Publications & Events

The refugee crisis in Europe: Finding a novel way to help

A reflection by Jan-Philipp Hoos, partner, Düsseldorf

The approach in this matter is a rather individual one. Coordinated help for the refugees in Germany is very difficult to arrange with the authorities. While it is possible to register as a legal "help desk" with one of the various organizations trying to handle the huge wave of refugees entering the country every day, hardly any requests are ever forwarded. Therefore, my wife and I basically knocked on the door of a refugee accommodation and asked how we could help. The answer was a very simple one: They had a refugee family from Syria and the mother needed new glasses. As they did not speak any German and only very few words of English, they needed someone to assist. So we took them to an optician.

Touched by their story, we decided to help them get settled in Germany.

Jan-Philipp Hoos, partner, Düsseldorf

During this visit, we learned their terrible story. The parents, 35 and 24 years old, have two children, a son of four years and a daughter of six years. One day in Syria, the little girl walked the streets of their hometown with her grandmother and aunts and was fired on by a sniper. The relatives were killed and the little girl received a stomach wound. The wound was superficially treated in Syria and the family decided to flee the country. They made their way via Morocco and Spain to Germany, which took them seven months. Here the girl received adequate medical treatment (we reviewed the German doctor's reports, which confirmed the story). But otherwise the family was stranded in an overcrowded refugee accommodation.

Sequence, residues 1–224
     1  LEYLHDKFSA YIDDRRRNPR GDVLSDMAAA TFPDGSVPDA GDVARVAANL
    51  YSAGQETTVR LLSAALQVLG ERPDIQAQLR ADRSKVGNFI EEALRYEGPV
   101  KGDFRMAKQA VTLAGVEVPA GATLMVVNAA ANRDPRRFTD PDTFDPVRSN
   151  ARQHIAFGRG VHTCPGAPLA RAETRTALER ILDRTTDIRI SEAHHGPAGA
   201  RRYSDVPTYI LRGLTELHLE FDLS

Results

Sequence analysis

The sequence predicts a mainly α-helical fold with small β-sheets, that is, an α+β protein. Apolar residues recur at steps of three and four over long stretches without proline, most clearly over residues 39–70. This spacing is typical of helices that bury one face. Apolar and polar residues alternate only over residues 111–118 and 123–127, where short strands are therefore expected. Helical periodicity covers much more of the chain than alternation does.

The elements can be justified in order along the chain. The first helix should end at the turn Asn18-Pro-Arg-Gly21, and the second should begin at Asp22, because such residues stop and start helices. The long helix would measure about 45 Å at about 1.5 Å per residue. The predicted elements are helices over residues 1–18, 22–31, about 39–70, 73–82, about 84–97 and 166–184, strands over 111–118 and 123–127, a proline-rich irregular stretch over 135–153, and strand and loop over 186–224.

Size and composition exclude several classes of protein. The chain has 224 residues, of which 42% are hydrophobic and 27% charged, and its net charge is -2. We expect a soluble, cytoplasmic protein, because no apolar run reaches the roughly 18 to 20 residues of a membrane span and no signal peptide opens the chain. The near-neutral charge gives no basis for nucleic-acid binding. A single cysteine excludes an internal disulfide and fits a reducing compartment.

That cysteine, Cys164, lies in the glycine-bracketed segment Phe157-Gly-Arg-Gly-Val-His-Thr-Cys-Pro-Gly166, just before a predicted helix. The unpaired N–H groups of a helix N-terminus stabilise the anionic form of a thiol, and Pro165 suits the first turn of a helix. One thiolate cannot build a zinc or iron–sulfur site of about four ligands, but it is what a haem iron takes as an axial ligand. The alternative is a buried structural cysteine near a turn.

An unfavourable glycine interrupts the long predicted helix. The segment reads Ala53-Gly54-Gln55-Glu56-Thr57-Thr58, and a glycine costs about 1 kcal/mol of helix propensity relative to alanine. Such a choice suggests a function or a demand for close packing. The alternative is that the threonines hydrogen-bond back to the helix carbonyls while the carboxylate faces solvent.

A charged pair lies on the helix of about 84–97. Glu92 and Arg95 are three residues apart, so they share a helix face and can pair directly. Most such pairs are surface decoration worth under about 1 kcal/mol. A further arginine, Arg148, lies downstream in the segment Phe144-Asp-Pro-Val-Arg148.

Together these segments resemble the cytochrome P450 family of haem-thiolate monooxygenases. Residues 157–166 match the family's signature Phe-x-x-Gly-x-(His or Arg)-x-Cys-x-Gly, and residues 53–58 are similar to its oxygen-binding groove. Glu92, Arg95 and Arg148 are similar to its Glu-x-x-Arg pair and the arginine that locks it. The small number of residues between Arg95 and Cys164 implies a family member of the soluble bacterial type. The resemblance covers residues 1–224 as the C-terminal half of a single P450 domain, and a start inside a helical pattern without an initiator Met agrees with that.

Touched by their story, we decided to help them get settled in Germany. In the following months, we assisted them with the numerous formalities that have to be taken care of when one seeks asylum in Germany. We found them an apartment with the help of the church, renovated the apartment and found a school and kindergarten for the children. Julia Schaekel, one of our staff who speaks Arabic and German, provides weekly German lessons for the family in our office.

This was not exclusively an effort of the Firm but was supported by many people inside and outside of White & Case, especially my wife.

Legal guardianship in Berlin

Thousands of unaccompanied minor refugees are living in Berlin. In order to properly deal with the multitude of issues these youth may face, the Berlin Chamber of Lawyers and the Berlin Bar Association have encouraged lawyers to act as legal guardians for these children, and our lawyers there are doing so. They meet with the children they have been assigned to on a monthly basis and provide ongoing legal support with administrative matters and issues common to resettlement.


Learn more about our Global Citizenship initiative